How are teens and young adults coping?

Listen 48:59
People sit at tables at San Diego State University Wednesday, Sept. 2, 2020, in San Diego. San Diego State University on Wednesday halted in-person classes for a month after dozens of students were infected with the coronavirus. (AP Photo/Gregory Bull)

People sit at tables at San Diego State University Wednesday, Sept. 2, 2020, in San Diego. San Diego State University on Wednesday halted in-person classes for a month after dozens of students were infected with the coronavirus. (AP Photo/Gregory Bull)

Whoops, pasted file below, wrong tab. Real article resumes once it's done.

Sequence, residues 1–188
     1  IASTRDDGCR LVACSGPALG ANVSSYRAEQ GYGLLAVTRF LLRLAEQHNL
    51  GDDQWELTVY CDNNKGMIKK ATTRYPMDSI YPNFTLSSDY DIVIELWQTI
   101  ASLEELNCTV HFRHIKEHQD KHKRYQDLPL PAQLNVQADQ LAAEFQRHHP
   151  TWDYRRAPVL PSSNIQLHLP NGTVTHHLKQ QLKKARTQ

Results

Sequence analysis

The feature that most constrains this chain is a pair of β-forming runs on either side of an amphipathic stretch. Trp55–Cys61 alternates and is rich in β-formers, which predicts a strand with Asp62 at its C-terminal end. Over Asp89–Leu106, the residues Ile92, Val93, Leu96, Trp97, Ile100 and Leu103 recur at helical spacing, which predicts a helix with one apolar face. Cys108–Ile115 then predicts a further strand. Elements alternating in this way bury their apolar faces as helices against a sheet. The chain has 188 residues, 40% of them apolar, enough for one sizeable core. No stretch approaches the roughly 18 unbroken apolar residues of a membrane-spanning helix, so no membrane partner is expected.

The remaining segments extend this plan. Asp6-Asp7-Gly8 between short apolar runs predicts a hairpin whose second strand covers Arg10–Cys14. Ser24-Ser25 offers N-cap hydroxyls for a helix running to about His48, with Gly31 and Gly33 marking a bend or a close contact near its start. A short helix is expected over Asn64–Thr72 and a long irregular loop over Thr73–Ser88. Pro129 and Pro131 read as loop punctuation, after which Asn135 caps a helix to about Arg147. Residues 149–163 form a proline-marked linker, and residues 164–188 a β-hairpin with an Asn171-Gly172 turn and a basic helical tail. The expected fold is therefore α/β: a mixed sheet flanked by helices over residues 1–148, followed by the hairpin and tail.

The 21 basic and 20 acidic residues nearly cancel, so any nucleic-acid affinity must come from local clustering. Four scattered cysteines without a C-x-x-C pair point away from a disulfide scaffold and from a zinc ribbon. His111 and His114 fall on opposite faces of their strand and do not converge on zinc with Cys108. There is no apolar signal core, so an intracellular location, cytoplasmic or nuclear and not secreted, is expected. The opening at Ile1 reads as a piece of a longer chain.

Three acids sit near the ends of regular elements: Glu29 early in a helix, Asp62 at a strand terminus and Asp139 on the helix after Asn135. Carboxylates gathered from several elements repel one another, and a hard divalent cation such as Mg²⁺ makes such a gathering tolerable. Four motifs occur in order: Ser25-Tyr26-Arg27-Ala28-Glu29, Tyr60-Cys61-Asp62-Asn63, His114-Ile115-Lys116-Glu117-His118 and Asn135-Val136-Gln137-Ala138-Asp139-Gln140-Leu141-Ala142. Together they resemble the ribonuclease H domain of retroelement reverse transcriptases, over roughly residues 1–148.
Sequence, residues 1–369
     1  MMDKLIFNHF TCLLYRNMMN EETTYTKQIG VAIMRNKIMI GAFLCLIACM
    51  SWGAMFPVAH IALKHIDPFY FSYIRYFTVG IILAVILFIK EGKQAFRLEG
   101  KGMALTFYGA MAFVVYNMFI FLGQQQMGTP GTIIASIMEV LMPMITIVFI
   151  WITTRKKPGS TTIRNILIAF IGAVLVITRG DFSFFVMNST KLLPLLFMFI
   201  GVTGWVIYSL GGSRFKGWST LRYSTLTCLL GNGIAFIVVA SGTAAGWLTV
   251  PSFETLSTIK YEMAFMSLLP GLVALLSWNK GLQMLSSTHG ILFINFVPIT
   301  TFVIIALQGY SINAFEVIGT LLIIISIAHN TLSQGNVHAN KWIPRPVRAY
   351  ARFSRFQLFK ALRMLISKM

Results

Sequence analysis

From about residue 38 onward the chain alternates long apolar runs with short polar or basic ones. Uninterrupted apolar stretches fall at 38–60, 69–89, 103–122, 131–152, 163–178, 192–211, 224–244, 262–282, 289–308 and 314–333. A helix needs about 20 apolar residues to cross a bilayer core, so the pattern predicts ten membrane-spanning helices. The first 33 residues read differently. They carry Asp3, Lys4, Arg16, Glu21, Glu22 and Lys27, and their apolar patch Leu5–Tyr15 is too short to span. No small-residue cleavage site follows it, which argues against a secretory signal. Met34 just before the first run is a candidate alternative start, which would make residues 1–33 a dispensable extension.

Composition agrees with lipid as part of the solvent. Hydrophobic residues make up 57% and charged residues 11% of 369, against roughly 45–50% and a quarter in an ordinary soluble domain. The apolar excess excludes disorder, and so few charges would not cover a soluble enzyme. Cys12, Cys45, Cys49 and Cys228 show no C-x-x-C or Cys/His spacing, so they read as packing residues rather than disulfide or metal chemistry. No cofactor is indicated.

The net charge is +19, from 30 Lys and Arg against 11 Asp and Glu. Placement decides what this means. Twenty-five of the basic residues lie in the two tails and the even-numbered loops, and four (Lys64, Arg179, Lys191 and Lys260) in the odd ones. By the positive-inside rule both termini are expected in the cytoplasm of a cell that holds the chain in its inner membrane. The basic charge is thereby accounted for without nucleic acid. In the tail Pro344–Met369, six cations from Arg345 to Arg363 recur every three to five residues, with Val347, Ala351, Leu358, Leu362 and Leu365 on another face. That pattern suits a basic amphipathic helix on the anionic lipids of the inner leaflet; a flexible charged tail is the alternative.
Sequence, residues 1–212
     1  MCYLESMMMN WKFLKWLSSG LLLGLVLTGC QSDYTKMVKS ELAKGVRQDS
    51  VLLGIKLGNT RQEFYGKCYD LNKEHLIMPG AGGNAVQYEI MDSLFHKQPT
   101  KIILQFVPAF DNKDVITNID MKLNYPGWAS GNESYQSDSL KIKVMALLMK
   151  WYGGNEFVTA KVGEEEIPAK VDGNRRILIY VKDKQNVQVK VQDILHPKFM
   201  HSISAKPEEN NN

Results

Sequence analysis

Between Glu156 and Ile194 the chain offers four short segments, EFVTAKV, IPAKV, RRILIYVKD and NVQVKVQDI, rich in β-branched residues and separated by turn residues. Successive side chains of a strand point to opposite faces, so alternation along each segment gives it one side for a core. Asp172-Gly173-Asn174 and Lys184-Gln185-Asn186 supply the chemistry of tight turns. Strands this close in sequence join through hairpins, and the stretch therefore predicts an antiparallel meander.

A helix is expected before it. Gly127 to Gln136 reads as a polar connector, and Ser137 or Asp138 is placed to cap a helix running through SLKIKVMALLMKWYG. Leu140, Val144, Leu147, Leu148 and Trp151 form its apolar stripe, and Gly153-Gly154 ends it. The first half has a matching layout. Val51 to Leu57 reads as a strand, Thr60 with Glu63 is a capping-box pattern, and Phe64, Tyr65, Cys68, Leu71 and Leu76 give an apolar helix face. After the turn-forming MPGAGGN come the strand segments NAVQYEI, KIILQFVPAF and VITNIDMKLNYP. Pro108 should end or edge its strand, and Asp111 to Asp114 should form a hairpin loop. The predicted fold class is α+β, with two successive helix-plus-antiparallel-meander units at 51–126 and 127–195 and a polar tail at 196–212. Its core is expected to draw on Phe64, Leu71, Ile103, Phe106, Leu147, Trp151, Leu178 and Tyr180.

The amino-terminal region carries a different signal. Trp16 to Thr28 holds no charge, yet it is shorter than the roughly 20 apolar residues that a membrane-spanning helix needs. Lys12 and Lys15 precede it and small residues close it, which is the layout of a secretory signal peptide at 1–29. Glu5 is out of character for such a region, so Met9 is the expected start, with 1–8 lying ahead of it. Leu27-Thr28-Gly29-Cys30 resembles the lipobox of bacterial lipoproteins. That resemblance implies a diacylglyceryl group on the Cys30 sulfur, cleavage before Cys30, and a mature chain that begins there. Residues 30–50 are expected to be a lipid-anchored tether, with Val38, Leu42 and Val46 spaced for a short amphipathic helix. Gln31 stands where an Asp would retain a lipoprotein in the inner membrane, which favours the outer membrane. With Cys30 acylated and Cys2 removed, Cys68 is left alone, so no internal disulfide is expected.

While we are all living through tumultuous, scary and stressful times, adolescents and young adults may be particularly vulnerable to all the upheaval. Young people are experiencing higher rates of anxiety, depression and suicidal thoughts than other groups, according to a recent CDC study. This hour we look at the toll the pandemic is having on the mental health of teens and young adults. We’ll also discuss the additional stresses young people of color face around police-involved killings, the protests and the increasingly volatile and violent responses to them. Our guests are adolescent psychologist LISA DAMOUR, and University of Pennsylvania psychologist and professor HOWARD STEVENSON. But first, how do young people view the Covid threat and why are so many of them thwarting social distancing and mask recommendations? University of Pennsylvania neurologist FRANCES JENSEN explains that it has a lot to do with their brains.

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